The story has invited more ridicule than sympathy: an Australian couple has been arrested in Iran after only traveling there in the first place to “try to break the stigma around travelling to countries which get a bad wrap [sic] in the media.” Jolie King and Mark Firkin should have known better, but they are by no means the first naïve Westerners to mock that ridiculed the idea that “the world is a big, scary place” and then place themselves in harm’s way. Those were the words of Jay Austin and Lauren Geoghegan, an American couple that was murdered by Islamic State (ISIS) jihadis last year while biking through Tajikistan.
As naïve as all four of these people certainly are or were, the responsibility for their plight lies not just with the Islamic Republic of Iran or ISIS, but also with the Leftist world in which they moved and lived. The Left’s leaders constructed a fantasy world, because Leftist ideas are dead on the drawing board without it.
In this fantasy world, Islam is peace. Borders and nation-states are unwelcome relics of a bygone age, because people are good everywhere — with the exception of Donald Trump and the “far-right.”
Austin and Geoghegan made this clear as they embarked on their journey. Austin, an employee of the Department of Housing and Urban Development, and Geoghegan, who worked at Georgetown University, decided two years ago to leave their jobs and go on a bike ride around the world. They kept a blog about their journey, on which Austin wrote:
You watch the news and you read the papers and you’re led to believe that the world is a big, scary place. People, the narrative goes, are not to be trusted. People are bad. People are evil. People are axe murderers and monsters and worse.
I don’t buy it. Evil is a make-believe concept we’ve invented to deal with the complexities of fellow humans holding values and beliefs and perspectives different than our own — it’s easier to dismiss an opinion as abhorrent than strive to understand it. Badness exists, sure, but even that’s quite rare. By and large, humans are kind. Self-interested sometimes, myopic sometimes, but kind. Generous and wonderful and kind. No greater revelation has come from our journey than this.
Yes, Austin and Geoghegan were unwise to carry this Pollyannish philosophy into Muslim Central Asia, just as King and Firkin were to take it to Iran, but they didn’t originate it. Where did Austin get the idea that “evil is a make-believe concept”? Most likely in today’s universities, which are saturated with moral relativism, contemptuous of absolutes, and dogmatically convinced that there is no dispute between people that can’t be settled by mutually respectful “dialogue.”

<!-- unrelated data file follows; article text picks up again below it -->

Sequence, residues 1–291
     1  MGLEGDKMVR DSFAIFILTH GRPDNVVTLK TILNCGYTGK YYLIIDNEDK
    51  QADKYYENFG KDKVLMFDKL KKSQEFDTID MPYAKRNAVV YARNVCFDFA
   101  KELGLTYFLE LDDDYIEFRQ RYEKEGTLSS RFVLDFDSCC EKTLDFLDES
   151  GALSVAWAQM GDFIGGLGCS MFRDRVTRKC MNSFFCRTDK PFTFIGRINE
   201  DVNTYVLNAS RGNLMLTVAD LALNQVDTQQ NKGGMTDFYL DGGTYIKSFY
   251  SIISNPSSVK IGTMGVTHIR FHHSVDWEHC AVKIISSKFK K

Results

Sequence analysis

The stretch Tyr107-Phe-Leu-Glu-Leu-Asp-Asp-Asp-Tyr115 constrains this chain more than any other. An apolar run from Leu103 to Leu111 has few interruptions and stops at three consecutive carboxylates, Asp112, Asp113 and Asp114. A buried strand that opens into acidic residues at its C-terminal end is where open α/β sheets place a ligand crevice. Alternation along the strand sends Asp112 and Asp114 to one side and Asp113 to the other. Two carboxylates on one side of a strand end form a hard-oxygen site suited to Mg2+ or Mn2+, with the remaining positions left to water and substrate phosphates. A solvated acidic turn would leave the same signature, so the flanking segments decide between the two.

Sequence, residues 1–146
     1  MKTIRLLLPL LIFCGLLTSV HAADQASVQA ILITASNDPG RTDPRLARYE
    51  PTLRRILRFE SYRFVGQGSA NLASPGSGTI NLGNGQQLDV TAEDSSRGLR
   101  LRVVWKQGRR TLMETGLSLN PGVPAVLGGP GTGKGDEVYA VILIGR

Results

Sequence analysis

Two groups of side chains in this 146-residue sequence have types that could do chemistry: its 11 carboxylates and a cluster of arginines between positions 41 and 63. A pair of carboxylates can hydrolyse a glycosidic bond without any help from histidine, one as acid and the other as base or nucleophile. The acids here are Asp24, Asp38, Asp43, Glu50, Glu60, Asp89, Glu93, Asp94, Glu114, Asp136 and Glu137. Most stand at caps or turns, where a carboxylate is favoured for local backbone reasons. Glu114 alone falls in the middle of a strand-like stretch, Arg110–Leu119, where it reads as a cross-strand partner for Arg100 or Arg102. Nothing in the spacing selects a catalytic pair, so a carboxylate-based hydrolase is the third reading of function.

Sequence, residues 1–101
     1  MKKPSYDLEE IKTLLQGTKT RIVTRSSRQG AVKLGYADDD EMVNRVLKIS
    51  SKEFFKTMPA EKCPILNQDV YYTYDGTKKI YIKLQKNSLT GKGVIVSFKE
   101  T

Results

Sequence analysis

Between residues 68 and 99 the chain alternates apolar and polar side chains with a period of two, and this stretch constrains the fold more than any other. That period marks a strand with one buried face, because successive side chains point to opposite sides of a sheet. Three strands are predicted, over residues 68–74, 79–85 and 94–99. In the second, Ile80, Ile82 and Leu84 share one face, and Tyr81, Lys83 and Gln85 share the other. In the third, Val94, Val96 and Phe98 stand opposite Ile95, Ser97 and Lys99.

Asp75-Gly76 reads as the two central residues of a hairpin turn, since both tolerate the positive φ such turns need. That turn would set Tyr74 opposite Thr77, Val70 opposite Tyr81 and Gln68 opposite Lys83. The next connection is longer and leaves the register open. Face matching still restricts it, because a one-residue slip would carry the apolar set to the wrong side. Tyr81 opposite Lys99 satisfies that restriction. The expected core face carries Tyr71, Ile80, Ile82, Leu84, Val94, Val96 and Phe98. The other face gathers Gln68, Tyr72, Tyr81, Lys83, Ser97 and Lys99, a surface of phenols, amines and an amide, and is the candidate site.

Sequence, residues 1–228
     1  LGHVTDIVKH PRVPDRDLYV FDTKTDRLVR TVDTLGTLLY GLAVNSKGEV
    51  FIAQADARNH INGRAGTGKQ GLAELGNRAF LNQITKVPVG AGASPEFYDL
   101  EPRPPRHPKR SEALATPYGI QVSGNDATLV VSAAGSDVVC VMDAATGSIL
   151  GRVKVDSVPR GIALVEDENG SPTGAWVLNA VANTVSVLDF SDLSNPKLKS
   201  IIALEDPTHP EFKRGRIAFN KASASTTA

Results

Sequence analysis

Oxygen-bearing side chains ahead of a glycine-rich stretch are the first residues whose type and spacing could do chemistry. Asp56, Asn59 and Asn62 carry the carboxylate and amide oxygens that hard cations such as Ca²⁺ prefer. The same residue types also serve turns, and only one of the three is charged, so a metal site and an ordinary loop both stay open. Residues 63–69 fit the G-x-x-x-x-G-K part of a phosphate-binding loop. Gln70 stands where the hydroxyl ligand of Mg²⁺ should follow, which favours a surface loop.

This perspective dominates contemporary culture, and is taken for granted even at the highest level. When Barack Obama and John Kerry entered into negotiations with the Islamic Republic of Iran during Obama’s disastrous post-American presidency, they were working upon the assumption that it was wrong to think that people “are not to be trusted” and that “people are evil.”
Obama and Kerry were essentially embracing the idea that “evil is a make-believe concept.” That the mullahs were perhaps “self-interested sometimes, myopic sometimes,” but ultimately good-hearted. The Leftist intelligentsia was and still is unanimous in applauding that initiative.
Likewise, it is a matter of dogmatic certainty for the Left that Islam is a religion of peace, and that only racist, bigoted “Islamophobes” think otherwise. Why should King and Firkin have had any reason to be concerned about traveling through the Islamic Republic of Iran? All it had was a “bad wrap.”
Those who don’t believe that “evil is a make-believe concept” are subject to furious and concerted demonization. The Southern Poverty Law Center (SPLC) — and the establishment media that treats the SPLC as if it were a reliable source — sees only one group of genuinely evil people in the world. Those who recognize that there are evil forces in the world that are set against the United States, and who want to protect Americans against Islamic jihadists, criminal migrants, and more, are the only evil ones. King and Firkin no doubt had nothing but contempt for such “intolerance” and “hate” manifested by foes of jihad terror and unrestricted illegal immigration.
The Left forces people to believe these fantasies, lest they be charged with “hatred” and “bigotry.” The people who filled King’s and Firkin’s heads with this nonsense bullied them towards their deaths.
The problem with these fantasies is that reality keeps breaking through. Jolie King and Mark Firkin have discovered too late that some people are evil. Will the West rid itself of the Leftist fantasies that led to their imprisonment before many more end up in similar predicaments?
Robert Spencer is the director of Jihad Watch and a Shillman Fellow at the David Horowitz Freedom Center. He is author of the New York Times bestsellers The Politically Incorrect Guide to Islam (and the Crusades) and The Truth About Muhammad. His latest book is The History of Jihad From Muhammad to ISIS. Follow him on Twitter here. Like him on Facebook here.